March 26, 2009

The Mechanical: Frankenstein Meets The Turk

The Mechanical, an intriguing play that cross-breeds Frankenstein and the historical automaton known as The Turk, is currently enjoying its premiere run at the Bond Street Theater in Baltimore.

Built around 1790 by inventor Wolfgang von Kempelen, The Turk was presented as a thinking, mechanical chess-player. In appearance, a turbaned character in flowing robes sat at a large cabinet, robotically moving the chess pieces to the accompanying sound of grinding gears. Doors back and front revealed the clockwork within and a shelf for storing the chessboard. With doors opened, one could see straight through the machine and out the other side.

The Turk was a sensation. The machine, purchased and exploited by a showman named Johann Nepomuk Mälzel, would tour the capitals of Europe, taking on illustrious opponents.

In France, in the early 1800’s, Napoleon Bonaparte and American ambassador Benjamin Franklin challenged The Turk. The automaton eventually crossed the Atlantic for an American tour. Edgar Allen Poe saw The Turk performing in Richmond, Virginia, and wrote an essay, Maelzel’s Chess Player (1836), attempting to explain the machine’s workings. Though many observers were amazed by the chess-playing automaton, and some believed it to be a marvel of engineering, many others suspected trickery.

The Turk, of course, was a hoax. A human operator sat within the large cabinet and, using rods and magnets, manipulated The Turk like a puppet. A sliding seat allowed the operator to move from one side of the cabinet to the other when the doors were opened, providing unobstructed views all the way through the device. The observed gearworks only went a third of the way in. The combined effect of The Turk’s exotic and outlandish appearance, the trick doors, and the presenter’s showmanship made for an elaborate and persuasive experience.

Mälzel died in 1838 while sailing back to America from a Cuban tour. The Turk fell into the hands of the ship’s captain, to be sold off. The novelty wore thin and the device was eventually relegated to a museum in Philadelphia where it was destroyed by fire in 1854.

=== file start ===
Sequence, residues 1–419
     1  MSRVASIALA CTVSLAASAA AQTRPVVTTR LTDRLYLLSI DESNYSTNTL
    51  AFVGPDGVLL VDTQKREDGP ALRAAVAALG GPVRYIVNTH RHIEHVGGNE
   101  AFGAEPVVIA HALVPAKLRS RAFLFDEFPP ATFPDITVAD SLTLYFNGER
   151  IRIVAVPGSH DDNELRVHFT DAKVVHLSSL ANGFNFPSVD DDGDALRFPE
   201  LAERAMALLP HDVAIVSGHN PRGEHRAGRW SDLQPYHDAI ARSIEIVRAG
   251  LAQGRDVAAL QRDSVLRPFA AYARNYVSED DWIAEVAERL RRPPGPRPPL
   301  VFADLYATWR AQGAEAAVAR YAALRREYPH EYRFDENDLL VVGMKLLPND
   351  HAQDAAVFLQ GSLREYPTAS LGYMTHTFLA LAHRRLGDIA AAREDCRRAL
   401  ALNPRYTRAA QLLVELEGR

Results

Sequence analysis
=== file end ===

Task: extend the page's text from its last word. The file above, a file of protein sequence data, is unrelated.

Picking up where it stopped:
The Mechanical, writer-director Michael McGuigan’s play, takes its clue from Mälzel’s seabound demise. In a clever twisting of reality and fiction, the captain of the ship turns out to be Robert Walton, the same man who encountered Victor Frankenstein in the Arctic, and Frankenstein’s Monster is, in fact, the thinking automaton known as The Turk. The questions raised by this concept are expressed in the Bond Street Theatre’s presentation: “Would the creature find joy and satisfaction in out-witting the best minds of the human society that previously rejected him, or rebel against the implied superiority of manufactured, mechanical life?

A production photograph shows the twisted Monster like a character in a Joseph Cornell box. The poster illustration of the boy stepping out of the frame uses a famous trompe-l’oeil painting from 1874 called Escaping Criticism, by Pere Borell del Caso, with gears added.

The Mechanical runs in Baltimore until April 5th. It moves to New York City on April 23rd.


Baltimore’s Bond Street Theatre, with photographs from the play.

New York’s Theater for the New City.

Wiki page for The Turk.

3 comments:

Lolita said...

I love that freaky painting of the child...

Max the drunken severed head said...

This is an intriguing premise. I would LOVE to see the play.

My worst fear: a film version by Stephen Sommers or Joel Schumacher. The automaton will become a death-dealing mechanical soccer player.

Or Tim Burton will direct, and the Monster will become a long-haired, nerdy, misunderstood, death-dealing Romantic goth.

Hey! Like in the book! ;)

Pierre Fournier said...

Here's a review of the play: http://tinyurl.com/cvde4k